-prior to 1900 ads: enticed readers with false claims, designed by newspapers/job printers and were not designed very well artistically
-after 1900: influenced by European tradition(café life poster art) well designed ads(graphically) sophisticated pitches now in demand
-advertising came into its own as a field of illustration
-1903: Walter Dill Scott pub 1st official manual for advertising, The Theory of Advertising, contained templates for effective ad composition
-leading ad agencies: J. Walter Thompson, N.W. Ayer & Son, E.A. Wheatly, Pettingill & Co.
-debates in industry: what makes an ad most effective the text or the image
-in 1920s words became more prominent, but before: full page four-color images were printed pictures preferred over type
-H. C. Brown, in journal Art in Advertising, “A good bright sketch will attract attention everywhere. Yet it should be reinforced by a concise statement in clear English covering the merits of the article.”
-many golden age illustrators did some work for advertising
-ads incorporated popular styles of the day: refs to children's book illustration, rococo and Victorian style, art nouveau, many ads also contained visual vignettes, stories
-usually ads were not totally integrated with type, but most effective ones often were
-magazine ads did not fight with text heavy editorial pages.
-most illustration: painted, drawn engraved b/c artist could easily fabricate reality using these mediums, sometimes photography would be use, but these would be manipulated for dramatic purposes, ex. hand colored
-beautiful women = popular subject, ref to Pre-Raphaelite paintings
-smoking = male activity, women art often shown in ads, but never with a cigarette in their mouths until the 1920s
-“folk characters” used to sell, ex. Aunt Jemima, Cream of Wheat man, human faces of products: “housewife's best friend”
-ads created narrative, sometimes series of ads building off same narrative
-WWI sexuality started being used in ads
-suffrage/female liberation rise = more images of women smoking, drinking, showing skin, culminating in Roaring Twenties

Heinmann, Jim. All-American Ads 1900-1910, (Los Angeles: Taschen, 2005)

Important Newspaper Comic Figures

Happy Hologan- Early 1900's Comic that depicted an Irish Tramp. It appeared on Sundays in the New York and San Francisco Hearst newspapers. This comic ran for 32 years using different scenarios but similar slap stick style gags.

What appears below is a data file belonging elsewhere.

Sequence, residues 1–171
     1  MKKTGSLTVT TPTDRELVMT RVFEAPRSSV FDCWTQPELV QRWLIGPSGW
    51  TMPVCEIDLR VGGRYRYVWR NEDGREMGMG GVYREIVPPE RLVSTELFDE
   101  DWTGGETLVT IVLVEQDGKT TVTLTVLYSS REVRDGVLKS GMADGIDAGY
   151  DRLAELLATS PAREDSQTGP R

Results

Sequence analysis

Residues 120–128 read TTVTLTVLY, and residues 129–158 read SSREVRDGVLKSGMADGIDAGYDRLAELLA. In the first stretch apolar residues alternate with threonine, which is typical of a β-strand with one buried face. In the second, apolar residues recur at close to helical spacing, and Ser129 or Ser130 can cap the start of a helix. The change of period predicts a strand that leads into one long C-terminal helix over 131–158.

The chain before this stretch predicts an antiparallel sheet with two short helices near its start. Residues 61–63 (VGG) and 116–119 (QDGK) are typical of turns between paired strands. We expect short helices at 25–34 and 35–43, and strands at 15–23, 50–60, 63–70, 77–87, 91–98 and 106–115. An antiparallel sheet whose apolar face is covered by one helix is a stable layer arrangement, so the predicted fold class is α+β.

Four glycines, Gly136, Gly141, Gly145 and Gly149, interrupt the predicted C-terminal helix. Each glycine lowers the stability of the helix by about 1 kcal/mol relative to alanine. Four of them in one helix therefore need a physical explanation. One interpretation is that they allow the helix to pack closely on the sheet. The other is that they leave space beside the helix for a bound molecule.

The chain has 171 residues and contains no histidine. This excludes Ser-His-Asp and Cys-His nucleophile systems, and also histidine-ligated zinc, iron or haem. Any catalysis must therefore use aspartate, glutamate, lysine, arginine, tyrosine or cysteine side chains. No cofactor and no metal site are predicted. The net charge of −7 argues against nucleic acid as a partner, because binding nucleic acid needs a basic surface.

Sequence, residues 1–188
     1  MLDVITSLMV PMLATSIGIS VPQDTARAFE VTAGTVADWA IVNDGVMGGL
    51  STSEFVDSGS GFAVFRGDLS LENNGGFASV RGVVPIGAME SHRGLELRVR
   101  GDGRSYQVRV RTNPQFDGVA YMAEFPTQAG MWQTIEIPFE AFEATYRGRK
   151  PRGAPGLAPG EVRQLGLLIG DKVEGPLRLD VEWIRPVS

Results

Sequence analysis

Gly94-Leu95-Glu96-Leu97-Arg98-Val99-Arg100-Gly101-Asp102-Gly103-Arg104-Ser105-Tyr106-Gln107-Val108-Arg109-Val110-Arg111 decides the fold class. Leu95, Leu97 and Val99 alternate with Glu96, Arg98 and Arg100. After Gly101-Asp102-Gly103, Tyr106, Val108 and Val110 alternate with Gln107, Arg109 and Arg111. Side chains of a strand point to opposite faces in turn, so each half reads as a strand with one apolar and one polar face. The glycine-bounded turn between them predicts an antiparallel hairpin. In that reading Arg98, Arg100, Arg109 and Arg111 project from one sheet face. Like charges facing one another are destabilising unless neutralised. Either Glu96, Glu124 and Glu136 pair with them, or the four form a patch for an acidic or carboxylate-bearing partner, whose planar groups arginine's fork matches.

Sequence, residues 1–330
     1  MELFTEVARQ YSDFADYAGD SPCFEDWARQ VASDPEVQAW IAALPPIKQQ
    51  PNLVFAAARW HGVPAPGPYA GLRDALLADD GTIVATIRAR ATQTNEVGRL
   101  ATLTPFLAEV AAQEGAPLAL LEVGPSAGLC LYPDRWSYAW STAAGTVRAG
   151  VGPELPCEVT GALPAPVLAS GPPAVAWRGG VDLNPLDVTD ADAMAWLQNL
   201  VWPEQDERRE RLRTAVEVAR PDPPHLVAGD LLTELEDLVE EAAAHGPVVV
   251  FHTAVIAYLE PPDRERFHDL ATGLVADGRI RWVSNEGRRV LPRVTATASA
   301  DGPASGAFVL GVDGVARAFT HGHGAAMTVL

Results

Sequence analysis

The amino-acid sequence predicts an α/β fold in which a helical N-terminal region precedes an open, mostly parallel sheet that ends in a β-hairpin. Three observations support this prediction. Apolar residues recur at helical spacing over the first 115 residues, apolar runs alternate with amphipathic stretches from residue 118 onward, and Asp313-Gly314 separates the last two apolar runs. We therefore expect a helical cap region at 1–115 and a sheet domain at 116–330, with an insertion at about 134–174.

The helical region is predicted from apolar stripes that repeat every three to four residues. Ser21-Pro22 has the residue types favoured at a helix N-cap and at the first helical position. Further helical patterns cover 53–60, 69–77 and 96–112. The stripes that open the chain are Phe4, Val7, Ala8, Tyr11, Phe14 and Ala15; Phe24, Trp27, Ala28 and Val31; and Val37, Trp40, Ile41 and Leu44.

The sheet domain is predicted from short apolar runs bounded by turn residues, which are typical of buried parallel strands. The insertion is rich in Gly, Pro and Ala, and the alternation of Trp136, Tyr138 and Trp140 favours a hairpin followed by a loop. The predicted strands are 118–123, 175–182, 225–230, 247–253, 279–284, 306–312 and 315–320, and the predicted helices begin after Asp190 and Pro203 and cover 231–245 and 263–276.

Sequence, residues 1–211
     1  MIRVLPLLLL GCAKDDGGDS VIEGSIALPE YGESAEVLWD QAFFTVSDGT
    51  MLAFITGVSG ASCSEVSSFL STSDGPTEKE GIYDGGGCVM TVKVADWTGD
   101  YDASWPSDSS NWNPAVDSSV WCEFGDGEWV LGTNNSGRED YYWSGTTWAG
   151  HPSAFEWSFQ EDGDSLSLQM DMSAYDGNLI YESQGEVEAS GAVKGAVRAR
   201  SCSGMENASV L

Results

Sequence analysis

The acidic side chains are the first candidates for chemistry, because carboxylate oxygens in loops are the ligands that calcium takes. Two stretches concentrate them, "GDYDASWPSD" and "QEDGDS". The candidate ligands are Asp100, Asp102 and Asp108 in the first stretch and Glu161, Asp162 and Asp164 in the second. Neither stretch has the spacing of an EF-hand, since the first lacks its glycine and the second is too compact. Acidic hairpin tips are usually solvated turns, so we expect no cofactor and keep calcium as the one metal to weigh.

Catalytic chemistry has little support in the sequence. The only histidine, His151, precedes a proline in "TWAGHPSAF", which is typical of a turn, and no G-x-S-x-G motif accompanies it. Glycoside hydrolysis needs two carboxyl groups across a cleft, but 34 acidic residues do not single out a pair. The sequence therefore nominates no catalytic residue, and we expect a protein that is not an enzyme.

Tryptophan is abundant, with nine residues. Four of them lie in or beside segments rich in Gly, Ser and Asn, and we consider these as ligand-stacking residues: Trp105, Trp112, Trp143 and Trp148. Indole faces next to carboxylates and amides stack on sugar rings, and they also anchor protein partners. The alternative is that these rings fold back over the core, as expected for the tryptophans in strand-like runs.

The Yellow Kid- 1st comic strip character ever created.Bald, buck toothed child that hung around with other children in the ghettos. The yellow refers to his big yellow shirt he wore which was often the placement for type. A throwback to how advertisements were once displayed.

Buster Brown- Represntative for the Brown shoe company. Used for several years in short subject comic strips. Characters included Buster, sister Mary Jane, and dog Tigi

Little Jimmy- Strip that was one of the longest running in comic strip history (54 years). Depicted a boy ( jimmy) who constantly forgot what he was to be doing.

Mutt and Jeff- First Daily comic strip featuring reoccurring characters. Somewhat of an odd couple kid of feel.

Research - Timneline of Events

-1st electric street lights in Wabash Indiana
-James Garfield is elected
-circuses- PT Barnum

-Red Cross established

-Standard oil is incorporated
-Immigration Act

-Ladies home journal is established
-1st overhead electric lights in roselle NJ
-1st vaudeville theater
-Brooklyn bridge opened
-Kroger Co. founded- supermarket
-LIFE magazine founded
-cocaine isolated
-The Black Arrow published by Robert Louis Stevenson in Young Folks; A Boys' and Girls' Paper of Instructive and Entertaining Literature,

-1st edition of Oxford English Dicitionary
-Statue of Liberty started
-Grover Cleveland elected
-Wash monument completed
-economic depression in US

-roller coaster patented
-rabies vaccine
-benz motor wagon patented
-1st bicycle by john starley
-home insurance bldg in chicago first skyscrapper

-haymarket riot gets 8 hour workday
-john pemberton invents coke
-geronimo surrenders
-will stan jr invents first induction coil